Beavertail Light (click for complete history) located on the southern tip of Connanicut Island is the third oldest light in the US built in 1749. The original wooden tower designed by Architect Peter Harrison burned, was rebuilt and later destroyed by retreating British troops. In this view you can see the 45 ft granite light tower built in 1856 with the smaller fog signal building on the left and the keeper's quarters on the right.
The fog signal building has been re-purposed as an aquarium with RI DEM naturalist tours offered during the summer months. The restored keeper's quarters are a museum of the history of the light station run by the Beavertail Lighthouse Museum Association. The grounds are open to the public including the restored base of the original wooden tower which stands just to the south of the current buildings on the exposed rocky ledge.
The US Coast Guard maintains the light and fog signal as an aid to navigation. The distinctive architecture is a group of simple square or rectangular white painted masonry structures with recessed openings and red shingle roofs. The tower is made from interlocking granite blocks with a black metal lantern. The light is a 7 sec. period single white counterclockwise rotating beacon. The original 3rd order fresnel lens is on display in the museum.
Downstream view of the historic 19.8 m vertical rise lift-lock located in Peterborough ON. Built in 1904 this is the world's highest hydraulic lift lock, one of only 7 built worldwide.
The left side lock basin is in the down position even with the surface of the water. You can see the supporting trusses on either side adjacent to the un-reinforced concrete piers. On the right you can see the elevated lock basin with the steel containment bulkhead on the downstream end. The trusses are centered on a vertical steel ram that supports each basin.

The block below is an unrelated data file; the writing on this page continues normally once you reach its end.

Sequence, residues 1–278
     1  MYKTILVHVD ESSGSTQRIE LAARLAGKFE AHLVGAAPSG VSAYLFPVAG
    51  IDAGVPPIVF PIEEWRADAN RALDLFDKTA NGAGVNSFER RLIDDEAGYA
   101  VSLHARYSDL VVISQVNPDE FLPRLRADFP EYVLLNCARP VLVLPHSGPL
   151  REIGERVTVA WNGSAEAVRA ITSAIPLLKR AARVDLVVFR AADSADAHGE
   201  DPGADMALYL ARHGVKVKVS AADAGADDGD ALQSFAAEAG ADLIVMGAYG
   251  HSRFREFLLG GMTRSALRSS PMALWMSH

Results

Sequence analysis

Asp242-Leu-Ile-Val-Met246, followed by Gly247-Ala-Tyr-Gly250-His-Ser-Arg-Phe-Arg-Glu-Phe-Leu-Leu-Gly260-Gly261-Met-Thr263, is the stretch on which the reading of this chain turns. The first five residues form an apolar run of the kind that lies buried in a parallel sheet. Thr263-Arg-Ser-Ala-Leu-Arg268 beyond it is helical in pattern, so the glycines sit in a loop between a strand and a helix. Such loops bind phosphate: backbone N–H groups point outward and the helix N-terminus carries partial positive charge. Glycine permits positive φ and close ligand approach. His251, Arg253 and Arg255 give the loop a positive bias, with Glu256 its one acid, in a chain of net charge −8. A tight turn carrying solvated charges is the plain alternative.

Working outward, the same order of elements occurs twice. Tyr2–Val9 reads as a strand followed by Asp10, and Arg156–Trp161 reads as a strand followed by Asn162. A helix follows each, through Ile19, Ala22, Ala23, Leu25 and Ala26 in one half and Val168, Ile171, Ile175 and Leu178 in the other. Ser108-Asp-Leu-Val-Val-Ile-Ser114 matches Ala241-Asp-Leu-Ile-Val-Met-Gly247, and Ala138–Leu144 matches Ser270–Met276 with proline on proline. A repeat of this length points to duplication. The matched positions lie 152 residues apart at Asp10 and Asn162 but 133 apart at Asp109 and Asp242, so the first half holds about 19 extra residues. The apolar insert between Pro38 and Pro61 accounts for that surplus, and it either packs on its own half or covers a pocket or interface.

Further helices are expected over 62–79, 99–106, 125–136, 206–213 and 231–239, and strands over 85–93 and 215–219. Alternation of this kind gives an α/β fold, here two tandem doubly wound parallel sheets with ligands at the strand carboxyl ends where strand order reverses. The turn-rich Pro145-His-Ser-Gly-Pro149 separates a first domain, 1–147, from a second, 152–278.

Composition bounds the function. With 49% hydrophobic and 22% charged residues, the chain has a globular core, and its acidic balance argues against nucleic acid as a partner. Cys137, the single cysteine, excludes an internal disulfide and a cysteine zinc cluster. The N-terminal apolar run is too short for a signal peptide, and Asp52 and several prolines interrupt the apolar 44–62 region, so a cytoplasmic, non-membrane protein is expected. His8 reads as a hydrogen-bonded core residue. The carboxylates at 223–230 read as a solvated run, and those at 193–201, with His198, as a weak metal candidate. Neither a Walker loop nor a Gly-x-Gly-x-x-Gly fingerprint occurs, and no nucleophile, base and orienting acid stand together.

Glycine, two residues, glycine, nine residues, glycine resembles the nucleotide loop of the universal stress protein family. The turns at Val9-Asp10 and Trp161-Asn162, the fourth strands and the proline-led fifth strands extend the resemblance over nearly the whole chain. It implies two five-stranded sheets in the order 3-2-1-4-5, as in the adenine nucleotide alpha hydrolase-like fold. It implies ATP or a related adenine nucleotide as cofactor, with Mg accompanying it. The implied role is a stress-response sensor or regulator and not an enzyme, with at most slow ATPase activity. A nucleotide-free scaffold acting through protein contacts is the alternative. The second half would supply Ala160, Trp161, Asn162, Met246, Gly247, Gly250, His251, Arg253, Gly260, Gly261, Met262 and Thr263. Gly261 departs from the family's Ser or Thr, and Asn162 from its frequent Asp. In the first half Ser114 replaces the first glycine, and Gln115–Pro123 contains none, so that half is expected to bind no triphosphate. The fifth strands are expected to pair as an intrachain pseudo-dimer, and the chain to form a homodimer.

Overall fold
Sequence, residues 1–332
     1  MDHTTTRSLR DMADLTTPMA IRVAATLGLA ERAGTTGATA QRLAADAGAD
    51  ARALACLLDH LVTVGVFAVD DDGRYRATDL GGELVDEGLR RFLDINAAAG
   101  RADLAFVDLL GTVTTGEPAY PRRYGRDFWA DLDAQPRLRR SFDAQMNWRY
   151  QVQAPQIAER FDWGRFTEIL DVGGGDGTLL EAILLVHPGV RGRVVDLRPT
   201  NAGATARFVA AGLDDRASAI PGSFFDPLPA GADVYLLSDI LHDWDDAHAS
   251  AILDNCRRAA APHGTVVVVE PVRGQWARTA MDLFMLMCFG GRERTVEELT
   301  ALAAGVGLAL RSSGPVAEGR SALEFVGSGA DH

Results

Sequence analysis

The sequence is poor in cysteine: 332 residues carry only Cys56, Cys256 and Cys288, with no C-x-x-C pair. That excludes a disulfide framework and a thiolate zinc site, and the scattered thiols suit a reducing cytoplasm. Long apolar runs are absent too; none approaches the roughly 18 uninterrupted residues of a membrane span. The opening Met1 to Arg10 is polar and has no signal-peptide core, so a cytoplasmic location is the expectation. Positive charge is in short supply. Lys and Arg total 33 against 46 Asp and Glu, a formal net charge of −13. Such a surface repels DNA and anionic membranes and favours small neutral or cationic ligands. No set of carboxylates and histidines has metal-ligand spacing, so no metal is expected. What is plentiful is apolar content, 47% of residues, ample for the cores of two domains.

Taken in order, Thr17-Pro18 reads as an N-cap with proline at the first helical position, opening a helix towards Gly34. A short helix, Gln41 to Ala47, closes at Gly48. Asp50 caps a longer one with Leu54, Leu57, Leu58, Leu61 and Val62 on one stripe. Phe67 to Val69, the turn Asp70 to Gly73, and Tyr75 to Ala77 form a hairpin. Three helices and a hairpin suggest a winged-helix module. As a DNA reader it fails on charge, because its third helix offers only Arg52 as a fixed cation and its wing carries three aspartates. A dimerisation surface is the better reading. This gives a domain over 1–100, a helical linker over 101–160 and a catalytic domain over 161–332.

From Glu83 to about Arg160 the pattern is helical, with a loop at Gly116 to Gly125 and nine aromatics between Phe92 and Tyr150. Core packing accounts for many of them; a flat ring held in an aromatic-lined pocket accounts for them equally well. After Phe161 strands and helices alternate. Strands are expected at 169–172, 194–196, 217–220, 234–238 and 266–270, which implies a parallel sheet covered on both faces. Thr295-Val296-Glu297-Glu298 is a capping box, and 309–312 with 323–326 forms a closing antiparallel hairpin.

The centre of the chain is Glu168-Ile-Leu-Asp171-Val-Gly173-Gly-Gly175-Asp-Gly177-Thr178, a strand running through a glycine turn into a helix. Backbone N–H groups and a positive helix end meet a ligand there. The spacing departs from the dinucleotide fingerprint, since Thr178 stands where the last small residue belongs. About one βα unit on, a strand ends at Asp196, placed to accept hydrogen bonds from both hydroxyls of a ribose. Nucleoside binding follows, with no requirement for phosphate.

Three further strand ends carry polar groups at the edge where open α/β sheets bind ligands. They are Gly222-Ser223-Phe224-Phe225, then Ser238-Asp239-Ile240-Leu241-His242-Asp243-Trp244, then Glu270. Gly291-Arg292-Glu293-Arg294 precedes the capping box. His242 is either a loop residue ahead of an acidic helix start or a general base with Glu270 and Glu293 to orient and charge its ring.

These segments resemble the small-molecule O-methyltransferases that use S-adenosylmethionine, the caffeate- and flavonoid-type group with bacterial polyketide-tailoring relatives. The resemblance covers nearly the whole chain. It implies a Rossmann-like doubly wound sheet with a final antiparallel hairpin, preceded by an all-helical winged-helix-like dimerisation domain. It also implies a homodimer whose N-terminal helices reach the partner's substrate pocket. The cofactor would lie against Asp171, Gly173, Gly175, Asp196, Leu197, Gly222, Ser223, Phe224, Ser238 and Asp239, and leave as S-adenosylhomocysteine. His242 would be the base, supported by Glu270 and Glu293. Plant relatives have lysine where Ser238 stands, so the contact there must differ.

The two rams are controlled by a valve that transfers water from one ram to the other allowing simultaneous descent of the basin on the right with elevation of the basin on the left. Tons of water and boat are precisely balanced on each side (boat displacement = weight of water displaced) allowing the entire structure to ride easily in the vertical guides even if there is a boat in only one of the two basins.
The lock operates twice daily at 10:30 am and 1:00 pm and occasionally at 3:00 pm
2 hour sightseeing cruises are available Victoria Day through Labour Day. (May through September)
Benton Harbor Michigan also known as the St. Joseph North Pier Lighthouse outer cast iron and inner steel lights located on the north jetty. The outer light has part of the lantern catwalk missing possibly from storm damage. According to a local resident Lake Michigan froze over during the winter of 2013/4 resulting in much less wave action along these structures than when the lake remains open.
The lights are connected by an elevated iron framework that used to have an elevated catwalk deck and guardrails. This walkway allowed lighthouse tenders to get to the light structures without risking a traverse of the icy surface of the jetty itself. Both lights are operational and listed on the National Register of Historic Places in 2005.
In addition to the natural white cotton cord which is popular there are many color combinations that produce attractive rope bracelets. Here's a collection of colors that were used to make a set of customized one-of-a-color bracelets.
On the left aquamarine & white; light green & teal; scarlet & purple; light taupe & rust; orange & brown.
Here's a range of greens and blue-greens, another popular color family.
Custom colors require a few days to create. Some of these colors are stocked but only in limited quantities. If you are interested in a custom color please leave a comment or send an Etsy convo with your question.